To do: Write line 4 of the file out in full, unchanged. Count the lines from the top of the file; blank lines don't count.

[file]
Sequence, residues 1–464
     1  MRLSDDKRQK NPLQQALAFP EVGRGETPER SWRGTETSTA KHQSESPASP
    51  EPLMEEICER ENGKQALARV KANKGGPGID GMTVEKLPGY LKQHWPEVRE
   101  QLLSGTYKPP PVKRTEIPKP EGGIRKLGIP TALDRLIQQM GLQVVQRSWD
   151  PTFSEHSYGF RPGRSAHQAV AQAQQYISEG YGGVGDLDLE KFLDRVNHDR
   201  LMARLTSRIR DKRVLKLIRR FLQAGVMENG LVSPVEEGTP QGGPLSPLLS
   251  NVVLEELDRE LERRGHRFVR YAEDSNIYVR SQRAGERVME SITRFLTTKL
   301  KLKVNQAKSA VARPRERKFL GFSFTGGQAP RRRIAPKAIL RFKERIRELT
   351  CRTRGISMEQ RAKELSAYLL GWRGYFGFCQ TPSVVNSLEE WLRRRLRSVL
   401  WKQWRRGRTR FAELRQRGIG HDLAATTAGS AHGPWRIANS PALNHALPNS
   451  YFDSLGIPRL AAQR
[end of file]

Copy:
   101  QLLSGTYKPP PVKRTEIPKP EGGIRKLGIP TALDRLIQQM GLQVVQRSWD